day 1464: the long arm of prematurity reaches out and sucker punches us.
it was a sunny, beautiful morning and odin came into the bedroom.
"poppi, i see spots. i think i'm getting sick."
and so, that's how an otherwise normal day started. at first i thought he might be playing a game, but he was pretty specific and consistent with the details about the spots in terms of size and color and number.
i suddenly found myself attempting to not freak out as i recalled that the sudden appearance of floaters could be sign of retina detaching and, of course, most of you know he's at a higher risk for retinal detachment thanks to his history of retinopathy of prematurity.
so, after debating whether or not we were being alarmist, we scheduled an emergency eye exam and i found myself having a surreal lunch with co-workers about the odds of odin having a detached retina.
a few short hours later and we're in the doctor's office and odin is going through the pupil dilation routine and time is slowing down to a halt. dilation drops go in both eyes. and left eye checks out fine. right eye didn't dilate properly. doc thinks the nurse didn't put drops in, but i'm sure she did.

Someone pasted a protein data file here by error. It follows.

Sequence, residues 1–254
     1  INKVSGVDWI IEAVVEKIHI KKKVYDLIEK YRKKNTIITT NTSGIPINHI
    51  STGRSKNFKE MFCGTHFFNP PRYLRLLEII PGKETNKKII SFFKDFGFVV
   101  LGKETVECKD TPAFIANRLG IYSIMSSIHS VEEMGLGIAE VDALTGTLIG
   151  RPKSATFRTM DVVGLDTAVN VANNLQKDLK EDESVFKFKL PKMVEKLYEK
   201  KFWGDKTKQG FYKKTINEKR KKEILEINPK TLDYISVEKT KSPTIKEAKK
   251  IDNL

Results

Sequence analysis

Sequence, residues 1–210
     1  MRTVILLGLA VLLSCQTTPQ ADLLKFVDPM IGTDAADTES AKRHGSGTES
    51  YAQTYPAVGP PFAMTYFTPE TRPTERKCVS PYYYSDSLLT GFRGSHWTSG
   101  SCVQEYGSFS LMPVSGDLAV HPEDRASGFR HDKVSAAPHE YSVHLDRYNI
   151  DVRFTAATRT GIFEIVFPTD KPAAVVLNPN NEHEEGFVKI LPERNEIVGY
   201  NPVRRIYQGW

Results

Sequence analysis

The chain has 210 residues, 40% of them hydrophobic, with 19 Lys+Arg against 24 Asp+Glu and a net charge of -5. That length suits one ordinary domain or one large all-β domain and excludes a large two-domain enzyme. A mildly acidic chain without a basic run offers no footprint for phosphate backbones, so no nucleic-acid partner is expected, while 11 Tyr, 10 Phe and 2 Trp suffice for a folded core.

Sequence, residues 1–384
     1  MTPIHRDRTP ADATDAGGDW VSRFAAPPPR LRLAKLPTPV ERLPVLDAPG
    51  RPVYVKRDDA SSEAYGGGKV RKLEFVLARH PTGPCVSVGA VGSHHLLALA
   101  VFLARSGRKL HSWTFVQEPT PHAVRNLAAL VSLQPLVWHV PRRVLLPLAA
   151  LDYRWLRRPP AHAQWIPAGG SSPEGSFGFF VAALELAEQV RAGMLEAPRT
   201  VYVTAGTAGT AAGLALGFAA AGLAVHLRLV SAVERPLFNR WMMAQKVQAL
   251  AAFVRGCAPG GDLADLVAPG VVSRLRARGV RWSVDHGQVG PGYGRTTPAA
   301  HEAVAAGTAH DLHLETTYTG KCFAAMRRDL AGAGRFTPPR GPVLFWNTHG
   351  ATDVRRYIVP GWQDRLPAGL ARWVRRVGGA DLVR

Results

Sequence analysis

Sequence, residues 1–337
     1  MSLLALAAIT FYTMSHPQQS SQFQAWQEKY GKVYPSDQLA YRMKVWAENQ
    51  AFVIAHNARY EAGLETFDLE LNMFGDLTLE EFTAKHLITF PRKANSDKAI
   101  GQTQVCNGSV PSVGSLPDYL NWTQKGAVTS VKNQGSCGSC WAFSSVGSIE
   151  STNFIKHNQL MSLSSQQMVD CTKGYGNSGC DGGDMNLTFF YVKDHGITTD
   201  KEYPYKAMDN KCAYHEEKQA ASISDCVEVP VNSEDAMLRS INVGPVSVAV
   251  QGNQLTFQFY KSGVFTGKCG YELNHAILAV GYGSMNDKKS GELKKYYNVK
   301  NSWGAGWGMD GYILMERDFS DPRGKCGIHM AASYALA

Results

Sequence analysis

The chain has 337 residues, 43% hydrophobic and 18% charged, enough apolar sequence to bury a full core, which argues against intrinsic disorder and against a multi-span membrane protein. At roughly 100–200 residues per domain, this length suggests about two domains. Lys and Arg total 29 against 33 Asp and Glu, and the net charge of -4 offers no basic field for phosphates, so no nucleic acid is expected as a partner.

something feels wrong.
the doc looks into odin's right eye after putting more drops in and waiting 10 more minutes, pauses, covers his odin's left eye and asks him to identify the shape on the wall.
"i can't see it," odin responded.
time is slowing down more. odin is smiling, happy to be sitting in the cool eye doctor chair as i hear the doc say, "we have a problem," followed by phrases strung together loosely.
"essentially no vision in the right eye"
"emergency surgery at the mayo clinic".
we won't know much about prognosis or probable outcomes until he gets evaluated by the experts. we expect that we'll hear bright and early tomorrow from the mayo about when he'll go in for evaluation and surgery.
needless to say, coming less than 2 weeks away from his fourth birthday, we're feeling a little sucker-punched.
it's been almost 1,400 days since rop surgery and i was really starting to hold out hope that we had finally escaped its grasp.